When employees are brave enough to come forward to report misconduct on the part of management or fellow employees in the interests of protecting the organization, they deserve to be commended for their courage and honesty. Unfortunately, this isn't always what happens and employees who take this step may find themselves demoted or, even worse, terminated.
If you’re suspicious that something unlawful is going on in your workplace, you may have wondered whether it would be a good idea to secretly record phone calls or conversations in order to gather evidence before blowing the whistle. If you work in Minnesota, you absolutely should not do so without first talking to an attorney.
When people suspect discrimination in the workplace, one of the things they worry most about is what will happen to them if they file a complaint. Both Minnesota and federal anti-discrimination laws prohibit employer retaliation when employees stand up for their rights. Nonetheless, many people fear that their employers will take some revenge anyway, especially if their claims fail.
Two housekeeping workers have filed a lawsuit against a Kaiser hospital in California and its contract cleaning service, claiming they were fired in retaliation for blowing the whistle on unsanitary conditions that affected both workers and patients. The women were targeted not only as whistleblowers, they say, but also because they had filed workers’ compensation claims. Employer retaliation for either of those reasons by federal law and by the laws of both California and Minnesota.
It doesn’t appear that the shutdown of the federal government that began on Tuesday is likely to end quickly, that that could cause some headaches for workers. Unfortunately, the U.S. Department of Labor has had to put more than 80 percent of its workforce on furlough, leaving only 2,954 Labor Department employees on the job nationwide. The Equal Employment Opportunity Commission is a division of the Labor Department, and its workforce has been cut even more deeply -- to 5 percent of its usual size. That means a total of 107 people are currently on staff at the EEOC.
For physicians, achieving a board certification in their medical specialty often isn’t the result of additional training undertaken to bring prestige to their practices. In many areas, board certification is either required to practice at all, or in order to achieve affordable malpractice insurance. For dermatologists, apparently, certification is the final exam, so to speak, just as bar membership is for practicing attorneys. When dermatologists fail the certification exam -- or are later expelled by the board -- they must repeat their medical residencies, according to a recent federal lawsuit.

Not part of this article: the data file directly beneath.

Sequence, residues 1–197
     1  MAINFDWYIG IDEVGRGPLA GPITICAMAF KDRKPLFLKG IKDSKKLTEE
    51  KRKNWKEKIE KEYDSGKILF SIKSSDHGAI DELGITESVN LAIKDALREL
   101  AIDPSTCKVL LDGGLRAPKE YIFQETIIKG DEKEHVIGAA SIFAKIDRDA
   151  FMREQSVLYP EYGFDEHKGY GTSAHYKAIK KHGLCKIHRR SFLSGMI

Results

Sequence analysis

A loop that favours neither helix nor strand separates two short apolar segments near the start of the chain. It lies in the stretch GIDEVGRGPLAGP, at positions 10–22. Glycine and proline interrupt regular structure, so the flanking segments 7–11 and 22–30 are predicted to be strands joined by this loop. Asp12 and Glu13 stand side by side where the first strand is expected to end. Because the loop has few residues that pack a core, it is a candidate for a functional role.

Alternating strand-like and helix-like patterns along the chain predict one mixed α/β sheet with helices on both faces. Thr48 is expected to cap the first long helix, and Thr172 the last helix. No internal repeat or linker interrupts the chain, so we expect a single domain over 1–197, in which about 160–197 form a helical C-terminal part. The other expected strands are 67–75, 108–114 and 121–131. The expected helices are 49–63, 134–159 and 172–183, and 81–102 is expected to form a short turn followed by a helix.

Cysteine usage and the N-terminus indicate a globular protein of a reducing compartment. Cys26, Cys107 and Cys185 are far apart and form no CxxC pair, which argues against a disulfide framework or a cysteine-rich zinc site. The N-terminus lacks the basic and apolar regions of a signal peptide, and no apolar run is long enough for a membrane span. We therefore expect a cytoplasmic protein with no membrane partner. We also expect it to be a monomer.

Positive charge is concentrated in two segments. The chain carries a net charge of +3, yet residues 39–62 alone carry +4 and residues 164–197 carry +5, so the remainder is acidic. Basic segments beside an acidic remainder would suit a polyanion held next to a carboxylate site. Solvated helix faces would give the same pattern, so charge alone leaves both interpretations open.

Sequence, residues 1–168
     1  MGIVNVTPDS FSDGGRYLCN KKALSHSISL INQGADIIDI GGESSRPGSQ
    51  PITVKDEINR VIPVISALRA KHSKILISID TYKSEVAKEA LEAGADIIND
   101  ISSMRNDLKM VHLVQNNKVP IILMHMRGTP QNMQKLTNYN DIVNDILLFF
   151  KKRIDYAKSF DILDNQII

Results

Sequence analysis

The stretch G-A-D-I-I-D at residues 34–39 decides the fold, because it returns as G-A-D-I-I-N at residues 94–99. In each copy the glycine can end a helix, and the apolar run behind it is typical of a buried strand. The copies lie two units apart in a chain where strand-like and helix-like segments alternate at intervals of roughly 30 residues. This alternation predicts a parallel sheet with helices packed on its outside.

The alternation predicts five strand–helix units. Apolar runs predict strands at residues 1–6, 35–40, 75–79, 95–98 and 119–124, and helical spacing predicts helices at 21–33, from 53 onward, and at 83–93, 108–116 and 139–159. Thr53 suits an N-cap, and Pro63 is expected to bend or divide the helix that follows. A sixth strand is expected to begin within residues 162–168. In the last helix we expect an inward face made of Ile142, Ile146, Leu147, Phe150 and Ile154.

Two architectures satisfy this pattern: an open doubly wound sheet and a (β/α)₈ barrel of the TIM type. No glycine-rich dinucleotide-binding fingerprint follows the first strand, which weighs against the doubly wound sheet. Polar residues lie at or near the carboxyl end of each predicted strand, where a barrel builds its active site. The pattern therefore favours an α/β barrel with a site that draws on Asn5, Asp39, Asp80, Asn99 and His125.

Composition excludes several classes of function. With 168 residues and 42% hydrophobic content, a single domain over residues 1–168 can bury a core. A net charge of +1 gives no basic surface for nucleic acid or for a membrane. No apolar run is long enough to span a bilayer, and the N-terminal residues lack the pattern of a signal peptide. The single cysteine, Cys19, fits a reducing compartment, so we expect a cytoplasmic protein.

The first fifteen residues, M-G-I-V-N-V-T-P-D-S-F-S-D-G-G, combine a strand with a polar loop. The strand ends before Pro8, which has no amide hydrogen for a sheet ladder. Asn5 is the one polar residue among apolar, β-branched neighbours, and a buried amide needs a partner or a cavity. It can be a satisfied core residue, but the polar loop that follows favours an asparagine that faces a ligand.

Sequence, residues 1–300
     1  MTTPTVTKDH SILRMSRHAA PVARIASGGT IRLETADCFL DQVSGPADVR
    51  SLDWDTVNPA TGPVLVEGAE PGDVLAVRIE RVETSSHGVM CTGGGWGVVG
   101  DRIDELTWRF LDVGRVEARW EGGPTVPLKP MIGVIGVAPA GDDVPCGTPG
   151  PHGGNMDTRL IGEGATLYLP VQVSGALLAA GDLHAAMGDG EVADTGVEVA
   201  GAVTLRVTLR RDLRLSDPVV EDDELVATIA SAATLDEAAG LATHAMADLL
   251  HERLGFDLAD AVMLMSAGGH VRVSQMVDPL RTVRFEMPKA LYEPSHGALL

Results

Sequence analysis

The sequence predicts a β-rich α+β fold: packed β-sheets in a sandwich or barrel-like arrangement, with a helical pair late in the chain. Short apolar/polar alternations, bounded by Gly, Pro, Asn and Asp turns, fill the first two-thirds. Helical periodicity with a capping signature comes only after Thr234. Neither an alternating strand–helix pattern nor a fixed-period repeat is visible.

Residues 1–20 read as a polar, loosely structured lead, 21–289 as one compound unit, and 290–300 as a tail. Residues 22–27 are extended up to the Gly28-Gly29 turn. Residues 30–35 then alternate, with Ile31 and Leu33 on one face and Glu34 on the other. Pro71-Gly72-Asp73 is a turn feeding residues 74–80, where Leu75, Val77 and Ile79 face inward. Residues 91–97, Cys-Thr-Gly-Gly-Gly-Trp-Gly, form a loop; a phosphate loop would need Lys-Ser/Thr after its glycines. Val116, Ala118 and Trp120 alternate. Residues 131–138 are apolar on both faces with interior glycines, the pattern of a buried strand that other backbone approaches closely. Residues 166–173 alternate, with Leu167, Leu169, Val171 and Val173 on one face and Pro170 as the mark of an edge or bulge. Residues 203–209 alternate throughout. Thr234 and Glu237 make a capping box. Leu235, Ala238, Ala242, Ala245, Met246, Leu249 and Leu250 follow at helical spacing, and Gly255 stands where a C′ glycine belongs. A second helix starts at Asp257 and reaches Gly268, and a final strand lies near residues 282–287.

Last year, two fired deans from Globe University / Minnesota School of Business filed unlawful discharge lawsuits claiming that they had been fired in retaliation for blowing the whistle on misleading practices and ethical issues at the for-profit colleges. Under both Minnesota and federal law, employers are prohibited from retaliating against whistleblowers who come forward about perceived ethical or legal wrongdoing.
An interesting wrongful termination ruling came recently from the State of New York’s Appellate Division, involving one of the nation’s largest wholesale grocery distributers, C&S Wholesale Grocers. While the specifics of New York law differ from that of Minnesota, the principles of the decision would apply here and in most U.S. jurisdictions.
What could Minnesota’s own Target have been thinking? According to a race discrimination lawsuit filed by three former employees who worked at a California Target warehouse, their managers were virtually all Caucasians who routinely used racial slurs against Hispanics and otherwise discriminated against people of Latino origin. The three Hispanic men claim they were fired in retaliation for making a complaint to human resources.
The Supreme Court of the United States made a couple of key decisions regarding workplace discrimination and retaliation cases, and neither was in favor of the victim of such an act. Many people here in St. Paul and all across Minnesota have had the unfortunate experience of being victimized in a workplace discrimination incident -- and they know the pain and embarrassment such an incident can cause. So to hear that the Supreme Court has made cases similar to theirs more pro-business is unlikely to sit well with them.